Category: Documentaries

In 2012 the Islamic Human Rights Commission as part of Genocide Memorial Day held a poetry competition. The winner would travel to Bosnia to learn about the Genocide. This is Frano’s short story about his experience


Check out this well produced documentary on the Wikileaks


THE CORPORATION engages in a lively, critical exploration of the dominant institution of our time — its inner workings, curious history, controversial impacts, and possible futures. Case studies, anecdotes, and true confessions expose influences in both the corporate and anti- corporate worlds. With dark wit, footage from pop culture, advertising, TV news, and corporate propaganda, the film illuminates the corporation’s grip on our lives. THE CORPORATION asks: What are the consequences—for human beings, democracy, and the ecology—of granting immense power to a structurally amoral institution, whose overriding priority is to create wealth for its shareholders? As worldwide concern about the growth of corporate power intensifies, THE CORPORATION canvasses insiders, outsiders, radicals, and conservatives, in 40 interviews with CEOs, whistleblowers, brokers, gurus, and a corporate spy.

Part 1

Part 2


The shocking truth about the erosion of our fundamental civil liberties by Tony Blair’s government will be exposed this summer in TAKING LIBERTIES, released on DVD in the UK cinemas by Revolver Entertainment October 15th 2007. Right to Protest, Right to Freedom of Speech. Right to Privacy. Right not to be detained without charge, Innocent Until Proven Guilty. Prohibition from Torture. TAKING LIBERTIES will reveal how these six central pillars of liberty have been systematically destroyed by New Labour, and the freedoms of the British people stolen from under their noses amidst a climate of fear created by the media and government itself. TAKING LIBERTIES uncovers the stories the government don’t want you to hear — so ridiculous you will laugh, so ultimately terrifying you will want to take action. Teenage sisters detained for 36 hours for a peaceful protest; an RAF war veteran arrested for wearing an anti-Bush and Blair T-shirt; an innocent man shot in a police raid; and a man held under house arrest for two years, after being found innocent in court. Ordinary law-abiding citizens being punished for exercising their ‘rights’ — rights that have been fought for over centuries, and which seem to have been extinguished in a decade. —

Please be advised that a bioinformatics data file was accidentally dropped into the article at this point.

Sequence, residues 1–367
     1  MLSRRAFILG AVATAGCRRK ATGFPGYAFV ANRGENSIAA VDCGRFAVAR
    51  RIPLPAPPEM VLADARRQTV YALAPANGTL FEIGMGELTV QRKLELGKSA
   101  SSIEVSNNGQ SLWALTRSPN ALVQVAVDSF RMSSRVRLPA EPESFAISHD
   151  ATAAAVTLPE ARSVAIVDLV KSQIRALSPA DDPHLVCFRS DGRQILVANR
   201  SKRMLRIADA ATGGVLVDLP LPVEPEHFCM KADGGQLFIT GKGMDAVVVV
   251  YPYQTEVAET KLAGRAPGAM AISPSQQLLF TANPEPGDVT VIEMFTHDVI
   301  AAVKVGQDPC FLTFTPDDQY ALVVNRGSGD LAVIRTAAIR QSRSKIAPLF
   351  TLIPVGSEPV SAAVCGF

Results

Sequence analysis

The aphorism “The poor are always with us” dates back to the New Testament, but while the phrase is still sadly apt in the 21st century, few seem to be able to explain why poverty is so widespread. Activist filmmaker Philippe Diaz examines the history and impact of economic inequality in the third world in the documentary The End of Poverty?, and makes the compelling argument that it’s not an accident or simple bad luck that has created a growing underclass around the world.

Diaz traces the growth of global poverty back to colonization in the 15th century, and features interviews with a number of economists, sociologists, and historians who explain how poverty is the clear consequence of free-market economic policies that allow powerful nations to exploit poorer countries for their assets and keep money in the hands of the wealthy rather than distributing it more equitably to the people who have helped them gain their fortunes.

Diaz also explores how wealthy nations (especially the United States) seize a disproportionate share of the world’s natural resources, and how this imbalance is having a dire impact on the environment as well as the economy. The End of Poverty? was an official selection at the 2008 Cannes Film Festival.